This is part 2 of our experience in setting up our basic estate planning, which included a revocable living trust. Please read part 1 Will and Trust Through Employer Legal Plan for the background.
After we signed the trust documents at the lawyer’s office, we had a small stack of paper. Other than ourselves and the lawyer who drafted the documents, nobody else knew that the trust even existed. Just hanging on to the stack of paper wouldn’t do much for us. We had to let the trust own some assets. The trust only has effect over the assets it owns.
Putting assets under the name of the trust is called funding the trust. The lawyer told us many people didn’t follow through in funding their trust. They ended up wasting the money and the effort in creating the trust in the first place.
In part 1 I covered how we transferred our home from under our own names to under the name of the trust. That was done very easily. We also added the trust to our homeowner’s and umbrella insurance as an additional named insured. Next we needed to change the ownership of our investment accounts from Joint Tenants With Rights of Survivorship to the trust.
We only had to do it to regular taxable accounts. Retirement accounts such as 401k’s and IRAs would stay in our own names. Although you can name the trust as the beneficiary of those retirement accounts, our lawyer said we should just name individual persons as beneficiaries in order to preserve the ability to stretch the distributions. She said there was a way to make the trust the beneficiary and still make it possible to stretch the distributions but it would be an overkill for us.
We have investment accounts with Fidelity, Vanguard, and Merrill Edge. I sent a secure message to customer service at each company asking what their procedures were. Each company responded quickly with clear instructions. They all have well established procedures with different degrees of difficulty.
Fidelity has a Trust Application form and a Certification of Trust form. The Trust Application opens a new account in the name of the trust. To transfer over an existing account already in individual names, you just put the account number(s) in Section 4.
The Certification of Trust form requires signatures to be notarized. Instead of using Fidelity’s form, I just attached a copy of the trust certification document prepared and notarized by our lawyer.
I dropped off the forms at a local Fidelity investor center. The trust account was opened in the afternoon on the same day. Two days later all assets in the existing joint account were transferred over as-is to the new trust account. The joint account was automatically closed. All cost basis and lot information came over intact.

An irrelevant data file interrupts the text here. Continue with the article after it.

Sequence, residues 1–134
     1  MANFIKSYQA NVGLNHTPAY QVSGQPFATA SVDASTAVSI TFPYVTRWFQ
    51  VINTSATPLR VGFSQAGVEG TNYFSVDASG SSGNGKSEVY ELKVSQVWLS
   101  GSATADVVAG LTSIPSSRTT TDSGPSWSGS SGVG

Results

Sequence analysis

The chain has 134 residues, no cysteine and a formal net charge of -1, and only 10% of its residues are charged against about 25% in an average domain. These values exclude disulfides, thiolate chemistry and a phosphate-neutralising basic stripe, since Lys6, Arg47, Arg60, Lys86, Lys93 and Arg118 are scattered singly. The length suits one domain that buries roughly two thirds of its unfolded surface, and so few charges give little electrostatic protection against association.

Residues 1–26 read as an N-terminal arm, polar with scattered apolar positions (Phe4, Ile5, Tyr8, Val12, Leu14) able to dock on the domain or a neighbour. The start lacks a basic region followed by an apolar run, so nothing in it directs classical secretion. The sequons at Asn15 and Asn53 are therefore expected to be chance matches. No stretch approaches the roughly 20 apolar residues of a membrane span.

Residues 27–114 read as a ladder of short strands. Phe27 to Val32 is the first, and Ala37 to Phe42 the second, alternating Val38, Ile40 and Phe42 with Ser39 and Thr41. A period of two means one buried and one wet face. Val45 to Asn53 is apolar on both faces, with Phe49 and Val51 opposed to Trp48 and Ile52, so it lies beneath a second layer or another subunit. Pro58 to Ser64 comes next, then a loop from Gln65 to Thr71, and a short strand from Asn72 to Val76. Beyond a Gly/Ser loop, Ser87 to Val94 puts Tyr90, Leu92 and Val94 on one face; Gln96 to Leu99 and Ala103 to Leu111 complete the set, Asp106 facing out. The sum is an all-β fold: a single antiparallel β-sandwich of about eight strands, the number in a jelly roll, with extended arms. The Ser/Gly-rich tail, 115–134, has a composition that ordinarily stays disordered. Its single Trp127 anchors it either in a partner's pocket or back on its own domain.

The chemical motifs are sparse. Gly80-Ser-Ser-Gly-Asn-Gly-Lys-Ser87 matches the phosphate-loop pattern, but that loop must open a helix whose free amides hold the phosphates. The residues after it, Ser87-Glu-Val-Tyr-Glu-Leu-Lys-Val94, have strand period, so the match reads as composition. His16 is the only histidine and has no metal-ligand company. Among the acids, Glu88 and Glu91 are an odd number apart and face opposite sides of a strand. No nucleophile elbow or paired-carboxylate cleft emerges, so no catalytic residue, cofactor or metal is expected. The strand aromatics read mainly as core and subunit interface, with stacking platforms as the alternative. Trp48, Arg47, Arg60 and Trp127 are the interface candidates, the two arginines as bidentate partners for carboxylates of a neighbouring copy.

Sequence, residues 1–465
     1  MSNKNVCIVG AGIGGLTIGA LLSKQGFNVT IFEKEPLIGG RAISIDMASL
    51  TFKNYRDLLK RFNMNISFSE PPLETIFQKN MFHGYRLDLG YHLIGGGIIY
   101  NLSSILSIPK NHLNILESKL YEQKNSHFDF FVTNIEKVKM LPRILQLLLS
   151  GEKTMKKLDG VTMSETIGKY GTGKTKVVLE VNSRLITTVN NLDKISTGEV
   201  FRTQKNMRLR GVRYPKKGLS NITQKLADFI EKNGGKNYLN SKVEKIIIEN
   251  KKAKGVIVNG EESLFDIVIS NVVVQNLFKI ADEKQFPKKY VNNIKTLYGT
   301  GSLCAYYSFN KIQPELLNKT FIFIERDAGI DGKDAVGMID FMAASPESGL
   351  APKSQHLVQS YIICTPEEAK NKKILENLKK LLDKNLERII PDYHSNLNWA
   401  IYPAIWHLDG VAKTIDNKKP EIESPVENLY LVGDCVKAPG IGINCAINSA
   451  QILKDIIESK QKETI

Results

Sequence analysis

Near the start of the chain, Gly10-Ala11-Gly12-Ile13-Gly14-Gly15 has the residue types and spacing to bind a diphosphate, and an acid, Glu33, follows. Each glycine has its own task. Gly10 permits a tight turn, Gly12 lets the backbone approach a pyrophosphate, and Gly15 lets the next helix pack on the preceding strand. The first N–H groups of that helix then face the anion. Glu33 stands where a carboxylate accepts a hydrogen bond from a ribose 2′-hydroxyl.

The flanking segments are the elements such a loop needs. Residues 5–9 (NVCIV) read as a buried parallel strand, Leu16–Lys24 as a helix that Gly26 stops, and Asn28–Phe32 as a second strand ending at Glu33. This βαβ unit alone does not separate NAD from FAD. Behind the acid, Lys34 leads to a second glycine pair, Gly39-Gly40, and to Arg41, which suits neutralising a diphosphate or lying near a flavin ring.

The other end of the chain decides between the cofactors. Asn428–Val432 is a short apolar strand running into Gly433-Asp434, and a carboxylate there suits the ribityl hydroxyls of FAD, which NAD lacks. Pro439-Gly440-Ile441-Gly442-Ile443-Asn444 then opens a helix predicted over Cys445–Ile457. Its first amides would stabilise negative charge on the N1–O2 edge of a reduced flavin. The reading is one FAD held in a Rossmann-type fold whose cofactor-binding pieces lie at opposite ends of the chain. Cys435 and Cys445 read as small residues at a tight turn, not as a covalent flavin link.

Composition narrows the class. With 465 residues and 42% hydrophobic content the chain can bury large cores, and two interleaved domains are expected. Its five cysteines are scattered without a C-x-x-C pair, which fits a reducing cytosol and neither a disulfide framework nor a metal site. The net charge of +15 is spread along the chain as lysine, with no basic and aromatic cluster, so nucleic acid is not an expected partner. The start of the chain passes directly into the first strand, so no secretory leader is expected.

This was the easiest and smoothest. Because the trust account was a new account, I had to set the preferences again for dividend and capital gains distribution (reinvest or put into cash), cost basis accounting (average cost, first in first out, or actual cost), linked bank account, etc.
Vanguard also required a new trust account application. The application was done by filling out a PDF form online through DocuSign. Because all new accounts at Vanguard must be a brokerage account now, we couldn’t stay on the simpler mutual-funds-only platform any more. The new brokerage account for the trust was created the next day after we completed the electronic signatures through DocuSign.
Next we needed to transfer the existing joint account to the new trust account. To be honest I was very afraid that Vanguard would screw up the cost basis accounting during the transition. I read multiple reports on the Bogleheads investing forums that Vanguard had trouble in keeping the cost basis straight. I printed out everything from the existing account. I would have to check line by line to make sure they transferred correctly.
Vanguard’s ownership transfer form asked for a Medallion Signature Guarantee. I asked around. Nobody was interested in giving a Medallion Signature Guarantee to make it easy for a competitor. They would give it for their own forms but not someone else’s. I don’t blame them.
Vanguard was aware of this situation. Its instructions specifically said we should contact customer service for additional options if we were unable to obtain a Medallion Signature Guarantee. I called. The rep said because we were co-trustees of the trust account and joint owners of the existing account, we could just send in the form without the Medallion Signature Guarantee.
I mailed the ownership transfer form. The transfer completed after 10 days.
Instructions from Merrill Edge were also very clear. We had to fill out a trust application, a trust certification, a letter of authorization, and attach the first page and the last page of the trust document. The trust certification had to be notarized. I asked the local Bank of America branch whether they could do it for me. They said they couldn’t but they would reimburse me for the notary fee if I had it done elsewhere. That worked. We had it notarized at a package shipping service store.
Instead of opening a new account under the name of the trust and transferring assets from the existing account to the new account, Merrill Edge would do it by simply changing the title on the existing account. The account number wouldn’t change. The linked bank account and all other settings wouldn’t change either. In a way this method is simpler.
I mailed the documents to the address given in the instructions. A trust concierge called me and asked some clarifying questions. The title change completed correctly about a week after they are satisfied with the answers.
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